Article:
Benjamin Crump says other officers ‘will be charged’ in George Floyd death
The lawyer for Floyd's family says he believes that arrests will be made soon.
Benjamin Crump has announced that charges are expected for the three other officers involved in the death of George Floyd.
Crump, who is representing the Floyd family, appeared on NBC’s Today show with host Hoda Kotb and said the other cops present when Floyd died will face legal consequences.
Derek Chauvin, a now-former Minneapolis officer, was charged with third-degree murder and manslaughter. He was seen on bystander video with his knee pressed against Floyd’s neck that contributed his death in what the Minneapolis medical examiner has now labeled a homicide.
The other officers who were present did not intervene. At one point, all of the cops were seen on top of Floyd as he lay on the ground.
“We heard that they expect to charge those officers,” Crump said.
Despite Chauvin being charged, protests across the nation have continued, demanding the arrest of the other officers, who were fired along with Chauvin. In many cities the protests have been co-opted by violence, looting and rioting. Crump said it would take real police reform for the demonstrations to subside.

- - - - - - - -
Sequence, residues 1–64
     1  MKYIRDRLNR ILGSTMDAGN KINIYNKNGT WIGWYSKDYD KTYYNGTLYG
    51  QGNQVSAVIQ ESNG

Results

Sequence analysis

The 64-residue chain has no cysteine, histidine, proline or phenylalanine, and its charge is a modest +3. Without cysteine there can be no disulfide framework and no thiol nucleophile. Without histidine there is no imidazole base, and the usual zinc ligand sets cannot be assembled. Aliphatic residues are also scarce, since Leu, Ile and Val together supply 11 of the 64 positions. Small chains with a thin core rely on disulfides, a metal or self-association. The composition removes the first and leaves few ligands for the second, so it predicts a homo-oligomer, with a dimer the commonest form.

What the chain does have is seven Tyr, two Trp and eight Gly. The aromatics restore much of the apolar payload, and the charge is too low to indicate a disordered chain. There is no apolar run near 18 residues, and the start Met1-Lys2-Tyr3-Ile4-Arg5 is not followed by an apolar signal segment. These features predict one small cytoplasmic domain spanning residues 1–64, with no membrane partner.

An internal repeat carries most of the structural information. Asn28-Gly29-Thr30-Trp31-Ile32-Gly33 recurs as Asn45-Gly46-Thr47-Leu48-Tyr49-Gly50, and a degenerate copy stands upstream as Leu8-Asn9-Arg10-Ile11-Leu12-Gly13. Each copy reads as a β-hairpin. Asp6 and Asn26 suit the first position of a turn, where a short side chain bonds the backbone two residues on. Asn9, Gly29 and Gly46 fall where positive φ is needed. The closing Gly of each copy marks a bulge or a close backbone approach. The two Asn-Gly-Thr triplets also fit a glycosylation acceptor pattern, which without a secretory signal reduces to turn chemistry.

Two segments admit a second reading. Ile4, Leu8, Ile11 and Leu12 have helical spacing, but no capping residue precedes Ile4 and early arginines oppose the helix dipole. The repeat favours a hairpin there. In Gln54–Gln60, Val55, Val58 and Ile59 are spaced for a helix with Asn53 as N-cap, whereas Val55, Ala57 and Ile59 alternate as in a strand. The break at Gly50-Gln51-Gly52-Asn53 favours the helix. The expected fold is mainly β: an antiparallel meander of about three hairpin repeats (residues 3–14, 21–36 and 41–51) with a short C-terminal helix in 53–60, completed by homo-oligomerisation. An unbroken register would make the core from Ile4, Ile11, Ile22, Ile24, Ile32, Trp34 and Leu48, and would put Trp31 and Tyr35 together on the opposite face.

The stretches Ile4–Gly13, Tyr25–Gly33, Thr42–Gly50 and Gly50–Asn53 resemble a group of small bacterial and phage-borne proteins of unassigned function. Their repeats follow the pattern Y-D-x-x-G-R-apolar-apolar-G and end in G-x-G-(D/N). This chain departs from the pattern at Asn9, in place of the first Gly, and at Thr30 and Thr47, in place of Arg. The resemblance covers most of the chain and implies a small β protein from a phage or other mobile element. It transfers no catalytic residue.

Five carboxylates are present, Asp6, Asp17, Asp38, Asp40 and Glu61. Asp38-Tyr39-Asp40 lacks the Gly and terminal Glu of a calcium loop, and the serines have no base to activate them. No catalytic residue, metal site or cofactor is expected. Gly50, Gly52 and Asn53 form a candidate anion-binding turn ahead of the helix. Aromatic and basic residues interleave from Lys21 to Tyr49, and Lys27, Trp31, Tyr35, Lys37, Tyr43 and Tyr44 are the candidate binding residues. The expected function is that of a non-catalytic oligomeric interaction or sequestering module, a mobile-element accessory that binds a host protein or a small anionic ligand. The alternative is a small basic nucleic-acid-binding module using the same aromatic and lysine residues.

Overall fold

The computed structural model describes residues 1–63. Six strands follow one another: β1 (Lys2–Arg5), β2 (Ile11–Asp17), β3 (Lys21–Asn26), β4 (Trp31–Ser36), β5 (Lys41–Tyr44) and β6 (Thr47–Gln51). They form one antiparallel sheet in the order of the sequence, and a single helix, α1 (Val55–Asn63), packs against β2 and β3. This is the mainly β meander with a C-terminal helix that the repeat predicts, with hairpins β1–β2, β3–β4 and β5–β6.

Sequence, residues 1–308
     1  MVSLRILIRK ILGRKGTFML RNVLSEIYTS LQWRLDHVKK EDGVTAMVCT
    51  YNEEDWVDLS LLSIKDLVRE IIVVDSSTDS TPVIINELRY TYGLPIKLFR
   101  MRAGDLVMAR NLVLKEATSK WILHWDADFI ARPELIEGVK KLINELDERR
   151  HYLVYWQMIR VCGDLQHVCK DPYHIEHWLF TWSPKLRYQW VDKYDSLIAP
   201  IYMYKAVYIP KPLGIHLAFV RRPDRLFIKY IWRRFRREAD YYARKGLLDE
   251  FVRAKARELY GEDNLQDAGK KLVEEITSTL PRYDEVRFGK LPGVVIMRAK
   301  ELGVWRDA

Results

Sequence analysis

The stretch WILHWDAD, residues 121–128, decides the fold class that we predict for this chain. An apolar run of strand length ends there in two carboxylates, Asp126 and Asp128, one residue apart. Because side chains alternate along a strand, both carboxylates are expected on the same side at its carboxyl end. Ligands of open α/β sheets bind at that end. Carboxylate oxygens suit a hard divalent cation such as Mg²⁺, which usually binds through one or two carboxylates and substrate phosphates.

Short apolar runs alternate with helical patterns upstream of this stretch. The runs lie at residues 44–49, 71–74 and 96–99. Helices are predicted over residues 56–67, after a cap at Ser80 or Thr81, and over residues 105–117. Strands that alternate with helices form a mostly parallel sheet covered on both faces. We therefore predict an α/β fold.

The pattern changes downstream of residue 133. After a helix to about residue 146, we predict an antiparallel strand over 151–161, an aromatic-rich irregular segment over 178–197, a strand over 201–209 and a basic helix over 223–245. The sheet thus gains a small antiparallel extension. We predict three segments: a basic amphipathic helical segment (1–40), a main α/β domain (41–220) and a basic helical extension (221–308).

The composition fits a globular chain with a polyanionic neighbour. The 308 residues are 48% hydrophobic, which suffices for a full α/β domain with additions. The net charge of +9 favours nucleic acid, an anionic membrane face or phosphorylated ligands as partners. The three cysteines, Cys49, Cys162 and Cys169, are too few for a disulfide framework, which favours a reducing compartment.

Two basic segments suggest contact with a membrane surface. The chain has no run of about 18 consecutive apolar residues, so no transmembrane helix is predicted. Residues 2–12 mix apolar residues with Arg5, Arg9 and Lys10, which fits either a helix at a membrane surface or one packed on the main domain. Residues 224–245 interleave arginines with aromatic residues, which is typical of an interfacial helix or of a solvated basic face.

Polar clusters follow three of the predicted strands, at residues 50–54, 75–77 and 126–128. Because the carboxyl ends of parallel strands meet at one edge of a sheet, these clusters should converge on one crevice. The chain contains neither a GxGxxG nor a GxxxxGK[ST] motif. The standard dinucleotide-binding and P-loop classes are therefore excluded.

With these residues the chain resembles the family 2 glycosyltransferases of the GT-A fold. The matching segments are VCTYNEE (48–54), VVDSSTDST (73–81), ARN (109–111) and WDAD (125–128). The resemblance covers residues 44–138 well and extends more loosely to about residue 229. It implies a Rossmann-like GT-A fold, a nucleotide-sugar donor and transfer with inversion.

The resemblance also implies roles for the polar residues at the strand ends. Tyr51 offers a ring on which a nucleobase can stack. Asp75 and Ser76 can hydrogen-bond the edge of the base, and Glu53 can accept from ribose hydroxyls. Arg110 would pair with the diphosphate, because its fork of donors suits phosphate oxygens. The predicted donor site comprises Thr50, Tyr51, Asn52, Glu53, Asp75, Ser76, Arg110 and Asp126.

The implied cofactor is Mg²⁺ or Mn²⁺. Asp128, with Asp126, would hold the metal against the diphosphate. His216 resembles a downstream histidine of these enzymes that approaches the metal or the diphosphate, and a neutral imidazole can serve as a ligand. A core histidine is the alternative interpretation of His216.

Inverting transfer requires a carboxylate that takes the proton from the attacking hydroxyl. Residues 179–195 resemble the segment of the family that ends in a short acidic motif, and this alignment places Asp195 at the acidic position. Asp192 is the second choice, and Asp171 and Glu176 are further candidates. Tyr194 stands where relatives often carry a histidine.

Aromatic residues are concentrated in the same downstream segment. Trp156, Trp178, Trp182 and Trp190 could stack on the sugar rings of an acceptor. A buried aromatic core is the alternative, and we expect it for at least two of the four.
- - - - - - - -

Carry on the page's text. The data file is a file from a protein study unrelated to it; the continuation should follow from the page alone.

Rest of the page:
“These protests and these riots that are erupting across cities in America are not started by the protesters. It was started by police brutality and a racist criminal justice system,” he said.
Crump insisted on police accountability and equal justice.
“We don’t want two justice systems in America – one for Black America and one for white America. We need equal justice for the United States of America, and that will heal our country. That will make our children believe that they are part of the American dream,” he said.
Crump’s comments came on the same day that the state of Minnesota filed a human rights complaint against the Minneapolis Police Department. Gov. Tim Walz and the Minnesota Department of Human Rights announced the filing at a news conference.
“We know that deeply seated issues exist,” the governor said. “I know it because we saw the casual nature of the erasing of George Floyd’s life and humanity. We also saw the reaction of the community. They expected nothing to happen because nothing happened so many times before.”
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